Difference Between Psychology and Educational Psychology

Psychology vs Educational Psychology

The key to the difference between psychology and educational psychology is that educational psychology is one sub-discipline of psychology. Psychology can simply be defined as the scientific study of the human mind and behavior. This is a discipline that encompasses a wide range of sub-disciplines such as abnormal psychology, social psychology, developmental psychology so on and so forth. Educational psychology is also one such sub-discipline which falls under the main discipline of psychology. Educational psychology pays specific attention to the study of learning throughout the human life span. So the main difference between psychology and educational psychology stems from the fact that while psychology in general possesses a broader view which entails all aspects of human life, educational psychology pays specific attention to the learning process. The objective of this article is to provide an understanding of the two terms, while emphasizing the difference that lies between the two terms, psychology and educational psychology.

What is Psychology?

For many years, humans have been fascinated by the capabilities of the human mind that led to the establishment of a discipline known as psychology. In this sense, it can be defined as the scientific study of the mental processes and behavioural patterns of human beings. The ability to examine the human mind and behaviour in experimental conditions began with the setting up of the first laboratory in Germany in 1879 by Wilhelm Wundt, who was later considered as the father of Psychology.

Psychology is a discipline that has a very large scope. Even though at the initial phase medicine (biology) and philosophy provided the roots for psychology to grow as a field, now it has become a discipline which has expanded much more not only influencing other disciplines but also being influenced by them, which highlights that it is continuously changing and moving forward in the academic as well as scientific sphere. It studies the human development, personality, abnormalities, education, social interactions and almost all aspects of human life.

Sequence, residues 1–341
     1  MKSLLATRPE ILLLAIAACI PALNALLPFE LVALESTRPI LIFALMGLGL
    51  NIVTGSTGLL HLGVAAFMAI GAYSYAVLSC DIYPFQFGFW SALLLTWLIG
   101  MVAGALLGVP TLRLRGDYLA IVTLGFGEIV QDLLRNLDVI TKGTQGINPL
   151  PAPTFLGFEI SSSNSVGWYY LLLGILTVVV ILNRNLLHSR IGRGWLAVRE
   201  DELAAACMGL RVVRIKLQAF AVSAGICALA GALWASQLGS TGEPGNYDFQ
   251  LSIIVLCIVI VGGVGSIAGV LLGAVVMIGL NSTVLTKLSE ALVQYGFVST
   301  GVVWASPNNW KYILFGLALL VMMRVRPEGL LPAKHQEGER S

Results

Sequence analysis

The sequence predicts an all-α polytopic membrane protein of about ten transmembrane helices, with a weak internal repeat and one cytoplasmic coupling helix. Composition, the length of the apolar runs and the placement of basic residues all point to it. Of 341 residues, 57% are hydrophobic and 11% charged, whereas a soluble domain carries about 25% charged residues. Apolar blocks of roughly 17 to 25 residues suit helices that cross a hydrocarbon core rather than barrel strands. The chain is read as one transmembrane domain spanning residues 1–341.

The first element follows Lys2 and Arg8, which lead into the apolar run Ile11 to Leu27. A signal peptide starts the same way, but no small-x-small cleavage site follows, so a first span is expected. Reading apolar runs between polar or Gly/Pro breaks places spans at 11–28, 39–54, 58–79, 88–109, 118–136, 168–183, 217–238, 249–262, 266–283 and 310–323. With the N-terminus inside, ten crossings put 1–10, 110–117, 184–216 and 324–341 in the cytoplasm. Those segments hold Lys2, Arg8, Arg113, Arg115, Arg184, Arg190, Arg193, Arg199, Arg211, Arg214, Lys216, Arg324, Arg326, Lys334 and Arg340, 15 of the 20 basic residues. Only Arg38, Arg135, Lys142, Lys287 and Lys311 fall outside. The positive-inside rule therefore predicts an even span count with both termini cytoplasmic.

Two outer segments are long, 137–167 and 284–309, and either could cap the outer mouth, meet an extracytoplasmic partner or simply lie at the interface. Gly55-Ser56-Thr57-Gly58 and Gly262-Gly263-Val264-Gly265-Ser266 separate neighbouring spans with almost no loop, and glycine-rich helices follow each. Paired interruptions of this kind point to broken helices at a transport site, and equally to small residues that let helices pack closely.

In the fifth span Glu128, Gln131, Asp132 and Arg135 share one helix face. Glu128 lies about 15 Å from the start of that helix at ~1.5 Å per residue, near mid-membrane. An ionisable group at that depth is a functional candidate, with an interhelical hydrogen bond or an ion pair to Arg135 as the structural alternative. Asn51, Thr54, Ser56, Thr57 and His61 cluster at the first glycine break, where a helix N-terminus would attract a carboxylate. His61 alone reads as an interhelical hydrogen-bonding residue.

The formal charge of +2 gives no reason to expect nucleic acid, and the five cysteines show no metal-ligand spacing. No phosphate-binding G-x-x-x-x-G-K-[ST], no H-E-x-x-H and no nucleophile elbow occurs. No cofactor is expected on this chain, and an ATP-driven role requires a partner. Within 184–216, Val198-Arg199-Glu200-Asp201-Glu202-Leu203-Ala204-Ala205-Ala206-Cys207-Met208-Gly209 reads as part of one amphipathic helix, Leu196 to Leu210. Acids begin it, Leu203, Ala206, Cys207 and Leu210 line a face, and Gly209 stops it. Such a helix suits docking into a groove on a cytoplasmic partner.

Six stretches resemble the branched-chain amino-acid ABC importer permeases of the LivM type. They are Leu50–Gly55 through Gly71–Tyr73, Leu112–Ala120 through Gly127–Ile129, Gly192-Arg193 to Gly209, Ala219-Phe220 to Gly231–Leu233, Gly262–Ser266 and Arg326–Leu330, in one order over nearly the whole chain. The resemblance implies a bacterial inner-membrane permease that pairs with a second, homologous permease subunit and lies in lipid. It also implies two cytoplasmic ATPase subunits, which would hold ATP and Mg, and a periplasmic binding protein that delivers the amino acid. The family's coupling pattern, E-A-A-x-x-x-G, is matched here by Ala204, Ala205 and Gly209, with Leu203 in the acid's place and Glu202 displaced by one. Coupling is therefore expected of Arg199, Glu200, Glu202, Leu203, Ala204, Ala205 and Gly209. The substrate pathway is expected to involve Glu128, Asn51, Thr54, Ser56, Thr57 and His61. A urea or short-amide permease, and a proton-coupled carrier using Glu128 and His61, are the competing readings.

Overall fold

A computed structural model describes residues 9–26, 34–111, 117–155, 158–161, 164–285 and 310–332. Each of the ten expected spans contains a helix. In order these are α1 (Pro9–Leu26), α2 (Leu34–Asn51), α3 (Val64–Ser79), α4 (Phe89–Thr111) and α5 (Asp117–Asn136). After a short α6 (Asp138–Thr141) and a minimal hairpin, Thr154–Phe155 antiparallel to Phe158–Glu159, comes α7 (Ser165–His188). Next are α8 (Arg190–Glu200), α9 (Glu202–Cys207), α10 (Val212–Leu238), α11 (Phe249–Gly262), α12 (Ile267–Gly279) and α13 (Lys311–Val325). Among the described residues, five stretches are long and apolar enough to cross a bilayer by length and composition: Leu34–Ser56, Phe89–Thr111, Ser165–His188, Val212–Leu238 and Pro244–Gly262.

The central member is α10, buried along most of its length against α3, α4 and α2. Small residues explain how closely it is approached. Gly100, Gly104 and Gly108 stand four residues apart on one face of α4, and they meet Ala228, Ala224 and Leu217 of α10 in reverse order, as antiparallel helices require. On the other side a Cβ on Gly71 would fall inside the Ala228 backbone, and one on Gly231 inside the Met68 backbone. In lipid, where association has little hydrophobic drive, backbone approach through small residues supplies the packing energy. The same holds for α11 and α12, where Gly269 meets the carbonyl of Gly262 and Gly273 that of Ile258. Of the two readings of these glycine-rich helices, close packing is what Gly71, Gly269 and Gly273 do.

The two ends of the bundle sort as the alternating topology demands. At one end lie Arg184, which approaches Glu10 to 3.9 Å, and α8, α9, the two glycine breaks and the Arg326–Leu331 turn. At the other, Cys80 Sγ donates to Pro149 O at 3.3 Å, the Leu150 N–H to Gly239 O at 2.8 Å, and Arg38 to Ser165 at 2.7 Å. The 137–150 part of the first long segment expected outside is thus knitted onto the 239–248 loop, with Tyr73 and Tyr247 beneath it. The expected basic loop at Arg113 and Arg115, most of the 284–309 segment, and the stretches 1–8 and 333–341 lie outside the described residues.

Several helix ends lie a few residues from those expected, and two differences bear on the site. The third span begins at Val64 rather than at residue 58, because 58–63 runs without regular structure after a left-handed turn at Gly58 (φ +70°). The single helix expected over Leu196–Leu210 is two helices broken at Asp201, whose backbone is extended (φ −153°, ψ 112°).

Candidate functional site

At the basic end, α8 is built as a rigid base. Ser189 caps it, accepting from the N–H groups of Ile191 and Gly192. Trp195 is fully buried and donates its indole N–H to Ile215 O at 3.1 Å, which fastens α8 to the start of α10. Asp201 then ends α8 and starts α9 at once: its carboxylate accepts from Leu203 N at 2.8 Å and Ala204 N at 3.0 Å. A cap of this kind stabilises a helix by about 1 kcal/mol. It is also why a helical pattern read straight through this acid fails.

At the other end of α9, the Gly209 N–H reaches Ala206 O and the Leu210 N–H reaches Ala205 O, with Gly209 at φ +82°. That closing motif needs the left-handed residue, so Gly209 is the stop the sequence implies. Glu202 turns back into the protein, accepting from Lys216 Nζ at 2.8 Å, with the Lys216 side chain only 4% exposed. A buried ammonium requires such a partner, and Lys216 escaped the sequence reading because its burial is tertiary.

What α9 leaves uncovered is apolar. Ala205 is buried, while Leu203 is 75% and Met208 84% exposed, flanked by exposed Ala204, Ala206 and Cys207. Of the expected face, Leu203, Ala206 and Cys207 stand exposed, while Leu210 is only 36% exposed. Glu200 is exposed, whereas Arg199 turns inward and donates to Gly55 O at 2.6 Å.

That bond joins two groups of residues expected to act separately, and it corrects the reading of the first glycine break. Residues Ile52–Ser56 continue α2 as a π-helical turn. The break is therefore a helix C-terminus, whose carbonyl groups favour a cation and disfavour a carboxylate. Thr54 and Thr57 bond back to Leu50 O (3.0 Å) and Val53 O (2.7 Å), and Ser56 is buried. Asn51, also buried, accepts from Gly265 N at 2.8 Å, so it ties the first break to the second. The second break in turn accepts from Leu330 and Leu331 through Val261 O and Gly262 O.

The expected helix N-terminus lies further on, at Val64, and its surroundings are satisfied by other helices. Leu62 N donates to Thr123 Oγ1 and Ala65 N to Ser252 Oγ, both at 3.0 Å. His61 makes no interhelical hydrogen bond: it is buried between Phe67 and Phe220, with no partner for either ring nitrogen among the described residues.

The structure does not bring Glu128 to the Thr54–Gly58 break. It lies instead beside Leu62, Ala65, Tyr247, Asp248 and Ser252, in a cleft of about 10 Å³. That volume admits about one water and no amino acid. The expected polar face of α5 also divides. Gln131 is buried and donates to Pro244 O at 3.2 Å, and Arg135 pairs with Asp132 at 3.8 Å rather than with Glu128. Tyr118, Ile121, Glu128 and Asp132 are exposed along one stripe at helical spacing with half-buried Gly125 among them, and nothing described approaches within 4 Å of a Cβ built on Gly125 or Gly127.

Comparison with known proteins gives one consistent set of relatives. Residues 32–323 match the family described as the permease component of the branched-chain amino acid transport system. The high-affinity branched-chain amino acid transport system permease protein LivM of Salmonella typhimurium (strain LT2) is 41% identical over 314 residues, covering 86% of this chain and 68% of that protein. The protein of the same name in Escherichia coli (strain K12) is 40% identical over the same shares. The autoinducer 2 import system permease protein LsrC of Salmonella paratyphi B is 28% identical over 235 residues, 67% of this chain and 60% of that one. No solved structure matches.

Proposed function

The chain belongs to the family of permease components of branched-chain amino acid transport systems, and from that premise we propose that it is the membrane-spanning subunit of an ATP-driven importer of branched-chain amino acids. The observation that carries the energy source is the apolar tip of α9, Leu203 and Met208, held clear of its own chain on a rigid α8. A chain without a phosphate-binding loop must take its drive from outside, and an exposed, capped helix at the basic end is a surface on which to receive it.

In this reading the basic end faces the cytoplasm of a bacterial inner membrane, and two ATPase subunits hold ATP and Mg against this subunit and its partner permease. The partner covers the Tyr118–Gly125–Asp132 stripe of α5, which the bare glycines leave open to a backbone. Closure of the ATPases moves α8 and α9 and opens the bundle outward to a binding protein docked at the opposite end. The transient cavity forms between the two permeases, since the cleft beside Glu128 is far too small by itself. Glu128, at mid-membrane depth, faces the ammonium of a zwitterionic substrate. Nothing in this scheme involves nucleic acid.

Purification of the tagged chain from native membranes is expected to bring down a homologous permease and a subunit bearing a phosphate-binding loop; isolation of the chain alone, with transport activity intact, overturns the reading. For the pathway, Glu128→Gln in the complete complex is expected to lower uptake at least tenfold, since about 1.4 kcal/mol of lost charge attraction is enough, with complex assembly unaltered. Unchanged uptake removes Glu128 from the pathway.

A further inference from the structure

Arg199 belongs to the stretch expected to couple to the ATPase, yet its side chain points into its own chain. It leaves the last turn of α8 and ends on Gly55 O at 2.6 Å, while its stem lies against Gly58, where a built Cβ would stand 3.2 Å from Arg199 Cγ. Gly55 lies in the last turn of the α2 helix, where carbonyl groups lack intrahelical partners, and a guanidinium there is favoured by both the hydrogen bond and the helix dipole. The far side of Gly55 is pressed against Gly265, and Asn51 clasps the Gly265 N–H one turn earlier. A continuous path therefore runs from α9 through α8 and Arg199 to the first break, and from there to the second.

Difference Between Psychology and Educational Psychology

When we learn about psychology, we also hear about schools of psychology. These refer to the different approaches that have been used when analyzing and examining human life over the years. Structuralism, Functionalism, Behaviourism, Psychoanalysis, Gestalt and Humanistic psychology are some of these schools of psychology.

What is Educational Psychology?

Educational psychology is a sub-discipline of psychology that specifically studies on human learning. It explores a variety of themes such as motivation, conditioning, memory, intelligence, cognition, etc. Educational psychologists are interested in studying the learning processes of individuals in different settings, under different circumstances through their life span. They adopt cognitive as well as behavioural approaches in this field. The theories which fall under the educational psychology discipline come from different schools such as behaviourism, Gestalt psychology, humanistic psychology and functionalism. Especially the behaviourist theories of classical conditioning brought by Ivan Pavlov and Operant conditioning by B.F Skinner are popular in educational psychology for their applicability to real life and education related processes. Not only Behaviourists, under different schools of psychology psychologists have presented various theories that denote an analysis and understanding of the human learning process.

Educational Psychology

What is the difference between Psychology and Educational Psychology?

• To sum up, psychology is mainly the study of the mental processes and behavioural patterns of human beings whereas educational psychology is the study of human learning process.

• This highlights that while educational psychology explores only the learning aspect of human life, psychology in general explores all human activities throughout the life span which goes beyond the learning process.